In 2003, the Bush Administration and the US media began referring to Syria and Iran in the same terms that had been used to justify the US invasion of Iraq. As a result, it was becoming ever more possible that attempts to destabilize Syria and Iran would have proceeded unopposed by a misinformed American public.
After hearing reports about the friendliness of the Syrian people that conflicted with what was being presented in the news, filmmaker Jean Marie Offenbacher decided that this contradiction deserved further exploration. She moved to Syria—alone—to record a portrait of life from all across the country, from the rural regions to the large urban centers and even to the halls of power in Damascus.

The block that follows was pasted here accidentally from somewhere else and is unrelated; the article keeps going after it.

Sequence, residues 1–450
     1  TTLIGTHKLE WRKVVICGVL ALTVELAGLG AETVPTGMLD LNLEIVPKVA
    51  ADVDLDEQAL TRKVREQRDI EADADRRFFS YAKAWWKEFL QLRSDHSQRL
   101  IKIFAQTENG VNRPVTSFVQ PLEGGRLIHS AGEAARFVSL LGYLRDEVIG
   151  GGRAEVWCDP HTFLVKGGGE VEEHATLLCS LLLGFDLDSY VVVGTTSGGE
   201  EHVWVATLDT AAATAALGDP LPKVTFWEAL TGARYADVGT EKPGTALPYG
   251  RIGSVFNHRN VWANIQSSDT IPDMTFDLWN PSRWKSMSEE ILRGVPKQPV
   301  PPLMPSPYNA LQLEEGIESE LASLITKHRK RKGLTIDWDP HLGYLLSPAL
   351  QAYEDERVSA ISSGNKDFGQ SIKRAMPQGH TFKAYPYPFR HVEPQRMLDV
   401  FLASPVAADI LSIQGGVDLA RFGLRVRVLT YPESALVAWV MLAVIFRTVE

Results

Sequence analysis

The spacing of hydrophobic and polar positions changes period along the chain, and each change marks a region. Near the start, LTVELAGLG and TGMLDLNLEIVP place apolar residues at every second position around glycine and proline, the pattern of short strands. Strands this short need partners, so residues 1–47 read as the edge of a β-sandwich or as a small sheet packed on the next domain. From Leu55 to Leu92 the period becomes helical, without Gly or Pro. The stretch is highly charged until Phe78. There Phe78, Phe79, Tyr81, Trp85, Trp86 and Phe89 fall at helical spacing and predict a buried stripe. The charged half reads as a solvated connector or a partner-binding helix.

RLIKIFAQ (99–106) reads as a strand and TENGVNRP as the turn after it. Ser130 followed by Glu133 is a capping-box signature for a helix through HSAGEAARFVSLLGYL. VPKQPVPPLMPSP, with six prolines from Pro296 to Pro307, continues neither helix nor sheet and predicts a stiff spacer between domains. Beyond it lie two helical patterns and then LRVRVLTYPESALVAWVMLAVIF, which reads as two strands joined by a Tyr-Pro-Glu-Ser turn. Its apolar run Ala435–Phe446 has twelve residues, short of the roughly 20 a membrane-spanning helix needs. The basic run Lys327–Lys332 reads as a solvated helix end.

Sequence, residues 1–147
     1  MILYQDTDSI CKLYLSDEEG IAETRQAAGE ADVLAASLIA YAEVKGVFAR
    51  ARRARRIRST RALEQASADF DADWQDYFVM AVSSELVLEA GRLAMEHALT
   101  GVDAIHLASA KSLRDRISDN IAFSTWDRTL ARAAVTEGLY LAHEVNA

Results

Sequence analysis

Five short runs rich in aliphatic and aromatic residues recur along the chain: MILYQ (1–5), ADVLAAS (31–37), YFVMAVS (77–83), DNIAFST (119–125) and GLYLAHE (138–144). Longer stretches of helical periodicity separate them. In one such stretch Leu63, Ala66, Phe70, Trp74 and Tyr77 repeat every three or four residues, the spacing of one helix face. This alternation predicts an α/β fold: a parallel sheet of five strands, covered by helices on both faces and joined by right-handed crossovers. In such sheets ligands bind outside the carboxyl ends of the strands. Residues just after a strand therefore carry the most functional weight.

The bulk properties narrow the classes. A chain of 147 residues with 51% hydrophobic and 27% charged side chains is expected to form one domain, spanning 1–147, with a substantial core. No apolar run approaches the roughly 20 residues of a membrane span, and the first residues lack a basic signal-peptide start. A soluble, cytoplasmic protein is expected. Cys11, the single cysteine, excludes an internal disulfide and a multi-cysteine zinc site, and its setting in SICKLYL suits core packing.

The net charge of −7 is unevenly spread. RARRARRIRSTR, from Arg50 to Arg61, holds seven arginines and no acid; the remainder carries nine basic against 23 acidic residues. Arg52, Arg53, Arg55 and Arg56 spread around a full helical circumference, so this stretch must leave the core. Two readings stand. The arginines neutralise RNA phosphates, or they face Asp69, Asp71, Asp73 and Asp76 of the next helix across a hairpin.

By presenting Syrians from all walks of life as they converse about their daily lives and discuss such topics as cultural tradition, globalism, religion and education—to name just a few—Tea on the Axis of Evil makes the moderate, genial voices of the Syrian people available for the rest of the world to hear.
This film is available with a Digital Site License (DSL), which allows colleges, universities, or libraries to encode, locally host, and stream the film to their community on a closed, password-protected system.
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